Ragtime, which spread throughout America for the next twenty-five years, would be the most popular music, with its own specific coloring and regional styles in each area. The performers of this jaunty, assertive, and reckless music introduced it to the entire country. Young people loved ragtime dancing, but the older generation did not like that style of music. The Puritans, overly strict in their rules of behavior, compared ragtime to another stage of social decay. Time itself provided the answer. By about 1917 ragtime began to fade away, unable to withstand its own popularity, in part because of the complexity of the music itself and the difficulty of performing it: you could not play ragtime without good musical training. Performed in the late 19th and early 20th centuries by African-American brass bands and ragtime-dance bands, ragtime later found its rightful place in orchestral jazz, and the name served as a musical characteristic of such bands, for example: Buddy Bolden’s Ragtime Band.
One of the most prominent representatives of ragtime was the Negro pianist and composer Scott Joplin (1868-1917). He composed about six hundred ragtime songs, among the best known of which are Maple Leaf Rag, The Entertainer, and Original Rags, published in 1899 by John Stark Publishers. The heyday of ragtime was in the 1890s and 1910s. In addition to live performances and printed editions of ragtime, the cardboard perforated cylinders called player rolls used in mechanical pianos helped this music to spread. Invaluable evidence of the music of that period has come down to us. In the mid-20th century the rolls were restored and the ragtime records were put on vinyl records, so that Joplin’s music can still be heard today. In Europe, ragtime was introduced to the public at the beginning of the 20th century by brass bands. Later ragtime was reflected even in the works of composers of academic music – C. Debussy, I. Stravinsky, P. Hindemith, D. Millau and others.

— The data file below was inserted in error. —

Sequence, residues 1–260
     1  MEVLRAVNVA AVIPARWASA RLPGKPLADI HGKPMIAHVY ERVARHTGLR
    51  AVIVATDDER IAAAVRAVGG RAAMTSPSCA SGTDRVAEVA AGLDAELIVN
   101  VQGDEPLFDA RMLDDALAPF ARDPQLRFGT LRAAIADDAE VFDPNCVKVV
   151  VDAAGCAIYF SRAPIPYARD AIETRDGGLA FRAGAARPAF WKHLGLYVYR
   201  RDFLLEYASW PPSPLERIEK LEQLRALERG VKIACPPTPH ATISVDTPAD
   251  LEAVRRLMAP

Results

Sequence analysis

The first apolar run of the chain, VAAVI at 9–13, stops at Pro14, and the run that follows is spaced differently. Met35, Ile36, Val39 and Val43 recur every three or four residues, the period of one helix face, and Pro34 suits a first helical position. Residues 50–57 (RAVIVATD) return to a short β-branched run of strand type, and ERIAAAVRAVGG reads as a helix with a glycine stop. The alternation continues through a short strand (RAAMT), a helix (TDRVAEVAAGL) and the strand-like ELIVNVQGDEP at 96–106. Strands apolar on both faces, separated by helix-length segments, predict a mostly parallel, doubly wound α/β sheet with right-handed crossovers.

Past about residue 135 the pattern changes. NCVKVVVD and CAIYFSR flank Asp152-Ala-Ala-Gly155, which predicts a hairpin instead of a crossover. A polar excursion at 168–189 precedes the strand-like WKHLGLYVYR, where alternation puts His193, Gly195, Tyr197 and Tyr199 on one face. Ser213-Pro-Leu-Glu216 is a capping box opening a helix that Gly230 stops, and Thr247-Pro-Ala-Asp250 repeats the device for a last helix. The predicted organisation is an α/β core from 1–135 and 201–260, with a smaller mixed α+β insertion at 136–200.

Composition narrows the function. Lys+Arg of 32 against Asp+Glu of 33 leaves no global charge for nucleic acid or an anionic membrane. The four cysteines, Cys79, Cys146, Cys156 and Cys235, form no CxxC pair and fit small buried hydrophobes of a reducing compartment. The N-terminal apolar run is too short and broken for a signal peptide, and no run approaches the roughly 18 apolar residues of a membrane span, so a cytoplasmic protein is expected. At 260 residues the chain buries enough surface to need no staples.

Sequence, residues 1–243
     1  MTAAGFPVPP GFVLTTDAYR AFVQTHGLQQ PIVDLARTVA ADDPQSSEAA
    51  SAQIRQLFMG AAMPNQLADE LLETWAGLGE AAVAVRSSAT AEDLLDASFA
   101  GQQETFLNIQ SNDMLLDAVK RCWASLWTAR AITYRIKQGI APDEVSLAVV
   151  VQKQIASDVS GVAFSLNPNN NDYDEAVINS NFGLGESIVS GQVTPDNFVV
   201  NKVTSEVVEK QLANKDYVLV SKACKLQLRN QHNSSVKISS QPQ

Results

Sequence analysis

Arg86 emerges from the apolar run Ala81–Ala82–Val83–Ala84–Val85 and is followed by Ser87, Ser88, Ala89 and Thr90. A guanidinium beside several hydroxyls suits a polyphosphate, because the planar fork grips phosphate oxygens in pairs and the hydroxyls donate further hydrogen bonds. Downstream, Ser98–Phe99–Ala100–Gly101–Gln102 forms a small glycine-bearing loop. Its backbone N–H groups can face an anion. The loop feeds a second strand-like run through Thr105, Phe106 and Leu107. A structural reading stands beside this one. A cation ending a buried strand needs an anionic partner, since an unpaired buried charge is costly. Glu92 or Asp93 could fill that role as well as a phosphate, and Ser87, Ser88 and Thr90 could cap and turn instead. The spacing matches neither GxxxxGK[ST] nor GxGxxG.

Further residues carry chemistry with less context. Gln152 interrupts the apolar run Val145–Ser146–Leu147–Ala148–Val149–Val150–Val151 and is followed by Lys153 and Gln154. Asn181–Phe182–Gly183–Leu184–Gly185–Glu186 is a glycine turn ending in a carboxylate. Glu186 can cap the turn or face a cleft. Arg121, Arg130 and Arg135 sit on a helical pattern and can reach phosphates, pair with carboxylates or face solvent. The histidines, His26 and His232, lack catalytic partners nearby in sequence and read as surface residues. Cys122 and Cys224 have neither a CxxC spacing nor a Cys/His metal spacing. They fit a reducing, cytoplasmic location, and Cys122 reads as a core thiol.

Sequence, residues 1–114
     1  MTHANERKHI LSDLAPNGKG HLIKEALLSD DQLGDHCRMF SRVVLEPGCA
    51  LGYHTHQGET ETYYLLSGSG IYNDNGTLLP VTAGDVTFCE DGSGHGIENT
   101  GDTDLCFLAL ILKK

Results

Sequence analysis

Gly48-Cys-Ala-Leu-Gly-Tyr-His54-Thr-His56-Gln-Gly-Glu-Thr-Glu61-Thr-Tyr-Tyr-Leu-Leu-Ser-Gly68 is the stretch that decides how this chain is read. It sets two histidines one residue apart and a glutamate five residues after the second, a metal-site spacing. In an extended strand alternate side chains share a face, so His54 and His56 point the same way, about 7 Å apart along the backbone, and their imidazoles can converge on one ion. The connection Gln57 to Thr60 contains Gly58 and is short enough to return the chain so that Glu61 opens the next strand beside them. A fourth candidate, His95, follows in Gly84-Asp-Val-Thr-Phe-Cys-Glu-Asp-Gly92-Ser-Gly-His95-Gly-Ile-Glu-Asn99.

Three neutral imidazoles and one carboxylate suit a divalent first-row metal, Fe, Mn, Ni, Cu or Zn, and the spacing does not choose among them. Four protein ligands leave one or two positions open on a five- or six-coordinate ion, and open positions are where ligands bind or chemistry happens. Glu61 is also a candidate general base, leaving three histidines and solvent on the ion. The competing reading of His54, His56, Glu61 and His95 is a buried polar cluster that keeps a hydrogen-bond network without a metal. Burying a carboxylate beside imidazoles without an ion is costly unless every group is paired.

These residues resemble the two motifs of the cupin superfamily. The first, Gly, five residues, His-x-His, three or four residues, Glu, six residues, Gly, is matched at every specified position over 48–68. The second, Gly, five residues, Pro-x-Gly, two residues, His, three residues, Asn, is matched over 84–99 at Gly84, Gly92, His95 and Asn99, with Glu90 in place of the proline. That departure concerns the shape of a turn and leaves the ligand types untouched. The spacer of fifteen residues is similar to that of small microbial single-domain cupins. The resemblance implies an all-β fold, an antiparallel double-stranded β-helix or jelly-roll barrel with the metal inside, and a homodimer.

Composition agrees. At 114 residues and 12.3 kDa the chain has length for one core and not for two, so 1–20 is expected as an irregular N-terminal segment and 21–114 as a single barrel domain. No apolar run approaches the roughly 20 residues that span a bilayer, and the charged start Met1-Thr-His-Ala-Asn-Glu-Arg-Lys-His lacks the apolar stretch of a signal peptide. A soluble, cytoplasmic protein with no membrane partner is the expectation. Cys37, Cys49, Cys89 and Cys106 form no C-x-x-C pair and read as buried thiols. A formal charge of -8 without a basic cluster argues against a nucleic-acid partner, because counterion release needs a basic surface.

At the end of the nineteenth century, New Orleanians heard the blues for the first time. Refugees, former plantation slaves, poured into New Orleans from the countryside in an endless stream. They had fled the Mississippi River delta from the Lynch and Ku Klux Klan ships and the drudgery of the cotton and cane plantations. The blues was part of their baggage, a musical expression of a special worldview associated with the manifestation of black self-awareness, their freedom and their protest against social injustice. Since the late 1860s, black Americans had wanted to free themselves from the aesthetics of minstrelsy, in whose shows African Americans were presented to the audience as people with negative human qualities. As a result of this peculiar musical protest-seeking, a folk secular form of singing emerged that was very flexible, malleable, malleable, and simple: the blues. The roots of the blues lie deep in Negro folklore. The word blues